We Use How Much Water Each Day!!


Yard Sprinkler

Yard Sprinkler

The City of Lamar is in Stage 2 Water Restrictions as of May 14 because of drought conditions in the city and throughout the southeast corner of the state.  Residents to the east and west of Highway 287 have three separate days a week in which to water their yards in two time periods.  Midnight to 6am and 6pm to Midnight.  Lamar resident Everett Smith approached the council during the audience participation segment of the meeting, Tuesday, May 28, asking that the hours be changed to accommodate the residents.  “It’s still dark in the morning as I’m struggling with lawn hoses before 6am and it’s the same problem at night.  Can the council make a change and have the times run from 4am to 10am or 4pm to 10pm to make it easier for us,” he asked.  Councilman Oscar Riley noted that he too, had received several phone calls from residents in his district asking the same question.  The council may take the suggestion under advisement, but took no action on the request during the meeting. 

Josh Cichocki, City Water/Wastewater Director offered some water use statistics to the council and to the audience.  “40% of our water used in the summer goes to irrigation,” he said, “of that water, 65% is lost to evaporation.”  Chichocki added that those figures amount to a loss of 1.1 million gallons of water into the atmosphere each day!  He explained that a lot of water is being saved by restricting usage to the cooler parts of each day, in the early morning and later in the evening hours.  He said it hasn’t been long enough to provide concrete figures, but the savings have already been considerable. 

The water director said the Honeywell improvement project on the city’s water system has also helped with water flow capacity.  Cichocki said when the increase in demand hit several weeks ago, the city would have had to delay the well rehabilitation project if the Stage 2 restrictions had not been enacted.  He said the city will see the benefits on a long range basis.  Cichocki said there have only been about 26 special use permits requested which allow residents to water outside the restricted days and hours.  Each request has to undergo a simple interview process explaining their request.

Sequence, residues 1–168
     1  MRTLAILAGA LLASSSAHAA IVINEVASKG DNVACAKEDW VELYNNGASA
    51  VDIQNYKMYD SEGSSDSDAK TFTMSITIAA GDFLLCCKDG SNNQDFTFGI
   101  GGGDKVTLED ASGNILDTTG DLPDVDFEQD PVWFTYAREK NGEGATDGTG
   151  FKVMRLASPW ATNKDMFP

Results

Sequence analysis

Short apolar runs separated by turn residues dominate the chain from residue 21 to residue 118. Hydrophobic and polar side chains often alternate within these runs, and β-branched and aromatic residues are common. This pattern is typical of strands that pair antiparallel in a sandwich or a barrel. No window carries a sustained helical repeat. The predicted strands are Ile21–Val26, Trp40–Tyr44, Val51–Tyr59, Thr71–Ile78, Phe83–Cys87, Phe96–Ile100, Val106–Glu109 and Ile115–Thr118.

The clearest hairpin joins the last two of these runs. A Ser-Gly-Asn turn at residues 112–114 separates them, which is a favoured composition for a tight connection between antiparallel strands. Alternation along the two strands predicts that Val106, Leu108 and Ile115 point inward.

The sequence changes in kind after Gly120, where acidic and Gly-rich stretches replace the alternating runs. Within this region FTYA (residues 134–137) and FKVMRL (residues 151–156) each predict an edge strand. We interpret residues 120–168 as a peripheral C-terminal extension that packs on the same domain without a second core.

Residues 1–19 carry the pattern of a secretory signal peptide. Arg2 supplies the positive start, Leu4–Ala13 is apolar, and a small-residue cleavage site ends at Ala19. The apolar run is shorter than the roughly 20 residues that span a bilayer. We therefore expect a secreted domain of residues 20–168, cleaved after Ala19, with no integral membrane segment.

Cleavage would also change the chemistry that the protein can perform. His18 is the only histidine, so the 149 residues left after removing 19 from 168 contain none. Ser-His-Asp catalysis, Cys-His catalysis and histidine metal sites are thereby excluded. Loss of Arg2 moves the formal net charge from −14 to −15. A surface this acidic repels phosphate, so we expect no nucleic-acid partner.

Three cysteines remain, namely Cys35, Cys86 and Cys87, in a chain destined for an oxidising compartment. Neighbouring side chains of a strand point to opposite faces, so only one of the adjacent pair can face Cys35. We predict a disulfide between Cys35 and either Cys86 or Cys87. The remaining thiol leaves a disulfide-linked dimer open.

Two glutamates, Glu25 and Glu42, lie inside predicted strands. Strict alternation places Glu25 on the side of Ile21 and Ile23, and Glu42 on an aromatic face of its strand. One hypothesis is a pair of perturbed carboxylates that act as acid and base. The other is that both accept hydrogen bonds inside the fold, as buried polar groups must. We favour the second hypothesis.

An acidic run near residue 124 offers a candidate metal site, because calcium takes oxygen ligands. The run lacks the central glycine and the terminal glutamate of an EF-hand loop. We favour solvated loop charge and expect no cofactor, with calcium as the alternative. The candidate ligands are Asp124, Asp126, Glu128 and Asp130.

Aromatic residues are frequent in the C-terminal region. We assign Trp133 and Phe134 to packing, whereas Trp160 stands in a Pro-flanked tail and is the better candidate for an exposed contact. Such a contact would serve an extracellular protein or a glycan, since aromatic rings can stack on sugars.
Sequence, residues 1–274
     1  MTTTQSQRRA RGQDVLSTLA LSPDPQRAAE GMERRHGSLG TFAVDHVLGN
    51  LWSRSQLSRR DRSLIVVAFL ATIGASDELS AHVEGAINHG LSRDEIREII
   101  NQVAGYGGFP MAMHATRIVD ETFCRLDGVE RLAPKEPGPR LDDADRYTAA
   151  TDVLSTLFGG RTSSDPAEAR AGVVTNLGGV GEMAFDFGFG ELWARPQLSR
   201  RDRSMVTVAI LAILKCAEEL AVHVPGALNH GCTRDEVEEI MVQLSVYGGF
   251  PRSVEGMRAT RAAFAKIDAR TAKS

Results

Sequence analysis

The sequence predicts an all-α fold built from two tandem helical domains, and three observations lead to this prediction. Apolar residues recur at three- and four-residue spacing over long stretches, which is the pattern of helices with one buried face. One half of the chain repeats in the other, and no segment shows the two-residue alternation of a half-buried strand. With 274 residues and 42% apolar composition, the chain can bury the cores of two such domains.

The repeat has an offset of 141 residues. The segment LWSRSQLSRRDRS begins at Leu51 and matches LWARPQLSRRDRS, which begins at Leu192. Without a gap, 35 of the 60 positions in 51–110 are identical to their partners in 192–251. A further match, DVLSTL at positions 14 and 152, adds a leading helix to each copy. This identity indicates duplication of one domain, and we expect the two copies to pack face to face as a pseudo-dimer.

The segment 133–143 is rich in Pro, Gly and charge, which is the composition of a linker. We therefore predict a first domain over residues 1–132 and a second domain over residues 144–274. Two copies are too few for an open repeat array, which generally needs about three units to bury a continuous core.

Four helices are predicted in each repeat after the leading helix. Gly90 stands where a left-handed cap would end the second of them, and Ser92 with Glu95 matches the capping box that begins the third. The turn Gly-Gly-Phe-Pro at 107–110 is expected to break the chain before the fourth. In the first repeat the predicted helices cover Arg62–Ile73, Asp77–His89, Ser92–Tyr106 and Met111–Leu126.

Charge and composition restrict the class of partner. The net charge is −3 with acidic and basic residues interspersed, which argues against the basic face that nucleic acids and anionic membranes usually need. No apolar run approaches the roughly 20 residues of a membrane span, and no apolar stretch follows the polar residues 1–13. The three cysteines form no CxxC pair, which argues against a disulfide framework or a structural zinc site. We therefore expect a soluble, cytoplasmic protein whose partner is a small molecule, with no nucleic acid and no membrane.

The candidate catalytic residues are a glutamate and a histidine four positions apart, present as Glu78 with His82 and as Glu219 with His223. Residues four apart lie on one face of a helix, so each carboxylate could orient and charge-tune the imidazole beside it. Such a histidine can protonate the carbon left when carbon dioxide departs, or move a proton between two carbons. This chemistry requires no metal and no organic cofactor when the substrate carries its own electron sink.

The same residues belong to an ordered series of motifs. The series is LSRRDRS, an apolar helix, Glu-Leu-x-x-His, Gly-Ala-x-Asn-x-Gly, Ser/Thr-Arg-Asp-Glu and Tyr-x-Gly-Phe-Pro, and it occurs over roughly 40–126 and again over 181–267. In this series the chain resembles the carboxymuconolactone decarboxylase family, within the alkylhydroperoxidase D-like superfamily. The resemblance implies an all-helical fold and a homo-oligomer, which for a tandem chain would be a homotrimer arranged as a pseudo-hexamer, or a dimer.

There will be some evaporative loss when the city’s water is transferred from holding reservoirs.  To help reduce the loss, the water is usually piggy-backed with other transfers instead of a single transfer.  Cichocki said the city recently received water from the Fort Bent Canal, and is recharging the wells at about 40 cfs, or cubic feet per second.  In a couple of days, he said, we should start to see the impact on the wells, and the project water is still on hold for its delivery date. 

He said the high demand usage for the past five years averaged about 96.5 million gallons a month, which equates to 2,222 gallons per minute, round the clock, or 3 million gallons per day.  The city tries not to run the well field pumps during peak demand to reduce the electric costs.  He said the Honeywell project will automate the delivery sequence so water is delivered during reduced cost periods of the day.  Other examples of usage show that in 2008, on a monthly basis, the city used 61 million gallons.  Last year the average was 58.1 million gallons per month, per year.  This year, the average is 57 million, so there has been some reduction in usage throughout the city.  Winter demand is averaging 31 million gallons per month, per year.  The city has 6 water restriction levels it can enact, depending on the status of the community water supply.  Residents who irrigate from privately owned wells are exempt from the restrictions.  Lamar Code Enforcement Officers have been issuing preliminary warnings to residents who fail to observe the restrictions.

By Russ Baldwin



Filed Under: AgricultureBusinesscommunityEconomyEnergyEnvironmentFeaturedLamarProwers CountyRecreationUtilities


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